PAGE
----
The Telegraph have done a fundamental injustice to Naz Shah

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I have never met Naz Shah, Labour’s new candidate for Bradford West, but we do have something in common. In 2009, I walked onto a stage with other members of women’s rights group OBJECT to collect the Emma Humphreys Memorial Prize group award, for our efforts to combat the mass objectification of women. Our campaigns on criminalising paying for sex with coerced people, and tighter regulation of the sexual entertainment industry, were hard-fought and at times stressful, but also sociable, energising, creative and fun. Ten years earlier, in 1999, Naz was the recipient of the individual award, for something that could hardly have been a greater contrast.

Naz Shah Bradford West

In 1992, Naz’s mother, Zoora, was given a life sentence for murder after administering poison to the man who for years had enslaved and exploited her, threatened her if she attempted to leave and who, she feared, intended to begin abusing her daughters. These are circumstances that could today be used as a textbook example of the diminished responsibility defence, which allows a murder charge to be downgraded to manslaughter. But Zoora was not only convicted of murder; she was also handed a tariff (the minimum length of a life sentence that must be served in custody before release on licence can even be considered) of twenty years.

In the interview that has been all over Twitter in the past 24 hours, Naz speaks powerfully about becoming “a mother to my two siblings who were 11 and 13 at the time”. She also talks about her successful work with feminist organisation Southall Black Sisters to reduce Zoora’s tariff from 20 to 12 years. She neglects to mention being honoured by the Emma Humphreys panel even before this victory, for her activism on the broader context of violence against women and girls, at a time when understanding and support was still catastrophically inadequate. But even so, the point was clear to everyone: this is a woman who has suffered, and triumphed, and has much to contribute to politics as a result.

Clear to everyone, that is, except the Telegraph. At a time when even the most hardened political journos were casting aside their cynicism, the paper continued its recent run of jaw-droppingly tasteless headlines with “Murderer’s daughter Naz Shah tells why she is standing for Parliament”.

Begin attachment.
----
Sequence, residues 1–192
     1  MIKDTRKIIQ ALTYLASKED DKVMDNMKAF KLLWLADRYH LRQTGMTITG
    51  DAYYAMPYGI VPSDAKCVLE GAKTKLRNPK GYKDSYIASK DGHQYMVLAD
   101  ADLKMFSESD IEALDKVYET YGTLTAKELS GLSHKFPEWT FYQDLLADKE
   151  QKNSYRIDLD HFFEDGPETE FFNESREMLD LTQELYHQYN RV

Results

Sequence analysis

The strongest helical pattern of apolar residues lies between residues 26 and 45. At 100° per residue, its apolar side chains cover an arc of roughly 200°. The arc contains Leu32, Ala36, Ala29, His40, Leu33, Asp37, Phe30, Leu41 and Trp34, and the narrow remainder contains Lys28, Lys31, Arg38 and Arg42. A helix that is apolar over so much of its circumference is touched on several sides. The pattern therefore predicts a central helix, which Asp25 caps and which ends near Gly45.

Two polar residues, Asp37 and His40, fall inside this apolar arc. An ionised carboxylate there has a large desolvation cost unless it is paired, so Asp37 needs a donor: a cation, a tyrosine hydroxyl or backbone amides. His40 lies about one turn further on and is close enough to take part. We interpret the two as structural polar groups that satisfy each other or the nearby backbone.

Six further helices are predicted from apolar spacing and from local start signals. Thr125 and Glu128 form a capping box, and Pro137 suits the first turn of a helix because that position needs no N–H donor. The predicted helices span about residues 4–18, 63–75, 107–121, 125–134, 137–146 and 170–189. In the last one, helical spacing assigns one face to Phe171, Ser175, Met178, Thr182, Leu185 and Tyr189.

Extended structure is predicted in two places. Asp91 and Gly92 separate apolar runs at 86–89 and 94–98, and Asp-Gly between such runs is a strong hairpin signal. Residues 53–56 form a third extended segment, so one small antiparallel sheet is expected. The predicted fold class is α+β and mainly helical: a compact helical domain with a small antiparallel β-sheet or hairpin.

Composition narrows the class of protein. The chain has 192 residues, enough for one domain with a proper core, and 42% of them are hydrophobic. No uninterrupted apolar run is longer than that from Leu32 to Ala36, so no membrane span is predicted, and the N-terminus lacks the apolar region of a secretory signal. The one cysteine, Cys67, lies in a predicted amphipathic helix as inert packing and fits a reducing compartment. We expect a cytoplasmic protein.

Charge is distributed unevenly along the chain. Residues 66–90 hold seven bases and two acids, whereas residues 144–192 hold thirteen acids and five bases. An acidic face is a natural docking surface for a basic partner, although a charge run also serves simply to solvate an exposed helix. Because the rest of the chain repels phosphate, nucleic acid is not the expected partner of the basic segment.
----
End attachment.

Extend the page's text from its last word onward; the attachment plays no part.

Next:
Apologists will explain – and have explained – that this sort of reductiveness sells papers, or brings in clicks. And that it is, after all, factually true. But the problem here, as evidenced by strong criticism on social media, is deeper than mere media salaciousness. It was about the fundamental injustice this does to the story Naz was brave enough to to tell. The whole point of her interview, culminating in her celebrating her PPC selection with her mother, was that her life has not been defined by this or any other terrible event. Zoora herself has been out of prison for nearly a decade. In effectively refusing to let these women have a future, the Telegraph looked not only crass but mean-spirited and bullying.

And this is instructive. If we in the Labour party are wholly honest with ourselves, we are not always above invoking shock value in our own attitudes to crime and justice either. No party that wants to win the media over can always avoid the temptation to speak of “criminals” in hardline clichés – ones which often break down in the face of real people like Zoora Shah. But Naz’s case should act as a warning whenever that temptation arises. Through her, we see that the law is not always a binary indicator of moral worth in our society, especially where it deals with the most vulnerable and marginalised people. We see that punishing offenders, even where it is justified, punishes their families too, in ways we have a responsibility to ask if we are successfully managing, or simply ignoring.

And we see that movements, of which feminism is just one, are still stepping in to meet these needs where governments fail. If Labour wants to be both, it is essential to be fielding people who can bring experience and empathy to even the most difficult social problems. I would have liked to end by exhorting the party to be tough on crime soundbites and tough on the causes of crime soundbites – but I think we should leave writing predictable rubbish to the Telegraph.

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